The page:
Welcome to summer transfer window — open on May 16 for the Premier League and a bit later in Europe. We are grading the most notable signings below from the top clubs across Europe, so come back throughout the month for updates as deals are completed.
The most recent grades and write-ups are at the top, and the first grade goes back to July 1 when the moves from the offseason are officially complete. Each day is in order of highest price.
If you don’t see a grade for a deal that has been completed, check back later.
LUCAS HERNANDEZ, €80m
Atletico Madrid grade: C+
Bayern Munich grade: A
It’s been quite a 12 months for Lucas — first a World Cup winners’ medal with France and now he’s become one of the most expensive defenders of all time. The 23-year-old still has plenty of time to grow and his ability to play either left-back or centre-back means Bayern have plenty of options.
In landing Lucas, who only signed a contract extension with Atletico last summer, alongside international teammate Benjamin Pavard (see below), the German side have secured their defence for the next decade. A great move, albeit an expensive one.
Atletico will gladly take the cash and use it to reinforce their side, but with Diego Godin already departing and right-back Juanfran turning down a new contract, one wonders if they will leave themselves open to defensive issues (and we’ve not even mentioned Antoine Griezmann’s plan to move on).
FRENKIE DE JONG, €75m
Ajax grade: B+
Barcelona grade: A
If Dortmund have found plenty of success buying cheap and selling big, Ajax are the blueprint to follow. The academy system brings through players at a young age, gives them first-team football and turns them into superstars. Frenkie de Jong has only made just over 50 appearances for Ajax but the 21-year-old holding midfielder cost Barcelona €75m — money that Ajax will use to put back into the club and find the next player for the production line.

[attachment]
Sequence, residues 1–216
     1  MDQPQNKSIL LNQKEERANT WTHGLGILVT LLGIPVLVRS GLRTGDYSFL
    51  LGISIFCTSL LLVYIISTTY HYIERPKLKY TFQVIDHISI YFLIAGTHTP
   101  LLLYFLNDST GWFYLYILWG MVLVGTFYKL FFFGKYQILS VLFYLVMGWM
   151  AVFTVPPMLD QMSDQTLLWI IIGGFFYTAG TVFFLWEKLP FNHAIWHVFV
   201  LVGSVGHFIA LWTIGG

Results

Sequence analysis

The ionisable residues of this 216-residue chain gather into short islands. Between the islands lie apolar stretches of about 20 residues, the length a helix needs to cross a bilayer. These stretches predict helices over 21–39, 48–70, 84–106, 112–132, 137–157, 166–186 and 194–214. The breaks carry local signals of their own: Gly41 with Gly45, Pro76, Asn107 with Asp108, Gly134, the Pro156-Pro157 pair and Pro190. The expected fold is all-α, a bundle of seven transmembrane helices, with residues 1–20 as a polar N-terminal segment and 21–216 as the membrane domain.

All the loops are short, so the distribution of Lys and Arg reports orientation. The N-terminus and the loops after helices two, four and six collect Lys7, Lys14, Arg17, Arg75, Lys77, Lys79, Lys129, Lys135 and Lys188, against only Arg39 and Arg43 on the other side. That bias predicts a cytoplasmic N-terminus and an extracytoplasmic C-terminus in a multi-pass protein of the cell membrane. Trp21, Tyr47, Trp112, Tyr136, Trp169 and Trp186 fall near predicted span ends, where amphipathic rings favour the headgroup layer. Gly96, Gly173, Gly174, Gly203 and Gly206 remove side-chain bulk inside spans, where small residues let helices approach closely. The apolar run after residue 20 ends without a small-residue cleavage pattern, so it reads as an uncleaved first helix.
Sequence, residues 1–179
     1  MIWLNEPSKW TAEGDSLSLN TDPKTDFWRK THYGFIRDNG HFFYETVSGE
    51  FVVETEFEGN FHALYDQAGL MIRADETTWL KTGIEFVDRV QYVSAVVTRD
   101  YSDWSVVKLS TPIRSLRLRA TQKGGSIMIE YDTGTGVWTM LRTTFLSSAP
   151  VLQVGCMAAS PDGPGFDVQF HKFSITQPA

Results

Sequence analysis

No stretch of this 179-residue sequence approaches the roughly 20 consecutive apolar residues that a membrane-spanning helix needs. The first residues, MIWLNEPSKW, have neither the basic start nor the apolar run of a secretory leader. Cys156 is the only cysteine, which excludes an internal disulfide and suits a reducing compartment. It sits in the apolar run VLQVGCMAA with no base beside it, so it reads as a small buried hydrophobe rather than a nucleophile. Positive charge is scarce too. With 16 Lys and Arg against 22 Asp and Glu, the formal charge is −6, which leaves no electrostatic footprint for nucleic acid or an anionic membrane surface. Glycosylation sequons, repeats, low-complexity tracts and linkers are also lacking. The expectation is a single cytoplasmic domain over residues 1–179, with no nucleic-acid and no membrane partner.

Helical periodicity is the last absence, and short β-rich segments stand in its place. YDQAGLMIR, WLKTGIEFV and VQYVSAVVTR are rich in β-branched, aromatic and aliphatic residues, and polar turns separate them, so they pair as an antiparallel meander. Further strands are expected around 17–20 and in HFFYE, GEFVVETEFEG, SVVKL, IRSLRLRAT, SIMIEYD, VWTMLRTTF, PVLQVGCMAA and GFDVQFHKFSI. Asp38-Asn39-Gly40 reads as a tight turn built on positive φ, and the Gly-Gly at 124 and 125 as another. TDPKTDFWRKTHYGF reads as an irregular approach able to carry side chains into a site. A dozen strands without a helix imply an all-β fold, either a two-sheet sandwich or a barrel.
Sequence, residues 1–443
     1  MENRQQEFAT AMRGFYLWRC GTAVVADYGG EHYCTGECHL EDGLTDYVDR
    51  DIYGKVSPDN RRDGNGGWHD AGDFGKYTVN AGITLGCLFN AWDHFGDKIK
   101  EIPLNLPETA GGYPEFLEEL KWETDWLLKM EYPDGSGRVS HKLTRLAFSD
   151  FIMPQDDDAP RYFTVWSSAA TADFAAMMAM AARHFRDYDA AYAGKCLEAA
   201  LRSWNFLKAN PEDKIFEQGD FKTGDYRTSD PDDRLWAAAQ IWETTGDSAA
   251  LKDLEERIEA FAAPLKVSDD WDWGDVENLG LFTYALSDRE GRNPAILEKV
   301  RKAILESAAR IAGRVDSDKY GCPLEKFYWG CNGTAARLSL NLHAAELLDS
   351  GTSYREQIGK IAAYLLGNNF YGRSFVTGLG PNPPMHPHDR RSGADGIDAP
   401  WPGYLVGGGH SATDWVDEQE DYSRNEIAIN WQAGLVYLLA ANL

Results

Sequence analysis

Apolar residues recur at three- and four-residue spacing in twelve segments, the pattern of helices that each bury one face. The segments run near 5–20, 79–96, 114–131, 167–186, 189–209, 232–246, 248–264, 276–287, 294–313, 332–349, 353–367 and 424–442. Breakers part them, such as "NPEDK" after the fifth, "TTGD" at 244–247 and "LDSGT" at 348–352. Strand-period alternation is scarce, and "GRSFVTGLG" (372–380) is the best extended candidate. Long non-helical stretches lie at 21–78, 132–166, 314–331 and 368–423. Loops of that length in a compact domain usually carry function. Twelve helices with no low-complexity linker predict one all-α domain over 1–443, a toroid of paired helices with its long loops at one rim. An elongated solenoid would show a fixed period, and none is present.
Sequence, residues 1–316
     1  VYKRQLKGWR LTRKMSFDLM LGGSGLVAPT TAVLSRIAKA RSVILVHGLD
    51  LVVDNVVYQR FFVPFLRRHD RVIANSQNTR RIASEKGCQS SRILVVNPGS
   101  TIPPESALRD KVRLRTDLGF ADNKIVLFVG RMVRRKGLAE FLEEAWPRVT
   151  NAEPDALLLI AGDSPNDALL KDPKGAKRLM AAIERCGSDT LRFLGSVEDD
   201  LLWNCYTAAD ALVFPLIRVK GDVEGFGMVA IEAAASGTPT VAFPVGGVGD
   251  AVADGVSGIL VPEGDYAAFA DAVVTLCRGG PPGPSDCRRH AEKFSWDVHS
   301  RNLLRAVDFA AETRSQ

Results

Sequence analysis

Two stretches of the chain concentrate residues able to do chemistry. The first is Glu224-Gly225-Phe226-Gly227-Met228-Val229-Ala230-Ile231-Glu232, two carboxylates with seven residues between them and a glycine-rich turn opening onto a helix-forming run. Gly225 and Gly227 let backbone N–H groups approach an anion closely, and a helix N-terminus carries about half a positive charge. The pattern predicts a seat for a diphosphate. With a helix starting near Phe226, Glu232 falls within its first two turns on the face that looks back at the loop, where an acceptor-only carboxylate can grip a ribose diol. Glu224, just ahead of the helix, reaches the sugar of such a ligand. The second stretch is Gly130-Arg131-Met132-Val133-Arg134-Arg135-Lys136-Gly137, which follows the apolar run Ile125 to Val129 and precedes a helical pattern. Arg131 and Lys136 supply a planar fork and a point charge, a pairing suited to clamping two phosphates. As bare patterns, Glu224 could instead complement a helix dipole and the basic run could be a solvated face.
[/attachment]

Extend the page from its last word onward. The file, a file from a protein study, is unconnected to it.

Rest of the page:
Announcing the deal in January was smart as the speculation was starting to impact player and club, so Ajax deserve props for that. But one wonders if they could have bagged even more money if they had waited for the summer when Man City, PSG and Real Madrid might have come in for him. Still, €75m is a fine amount and they got to keep him for the rest of the season to reach the Champions League semifinals (and oh-so-nearly the final) and win the Dutch Double.
For Barcelona, De Jong is the natural heir to Sergio Busquets. He will learn a lot in the next couple of years playing with Busquets and teammates, while his style is perfect for how Barca play.
CHRISTIAN PULISIC, €64m
Dortmund grade: B
Chelsea grade: A+
Ok, so technically Chelsea signed U.S. international Christian Pulisic in January, but by loaning him back to Dortmund for the rest of the season he’s not been eligible to play for the Blues until July 1 . The much-coveted 20-year-old had been tracked by every top club in the world, but Chelsea moved to tie him down — perhaps as a replacement for Eden Hazard –and it’s a signing that safeguards the club’s future as much as it improves their current squad.
Pulisic’s combination of guile, creativity and skill make him one of the standout prospects in the world so for the Blues to land him for only €64m is a real coup.
Yes, Dortmund could have held out for more, they could have started a bidding war, but with only 18 months remaining on his contract when the deal was done, the German club knew they would be playing with fire. It’s another star player sold, but as long as they keep snapping up gems like Jadon Sancho then they’ll be fine.
Santos grade: A+
Real Madrid grade: B
Having already spent €45m on young Brazilian attacker Vinicius Jr. back in 2017, Real Madrid agreed another monster deal in the summer of 2018 for a highly-rated 18-year-old who had been linked with Barcelona.
Rodrygo certainly has the talent to succeed and, if you believe his teammate Vinicius, can be “a great, like Neymar or [Kylian] Mbappe.” Real would probably settle for the forward having the same impact as Vinicius did though, after the winger made a real impression at the Bernabeu in the second half of 2018-19 season with his skill and speed.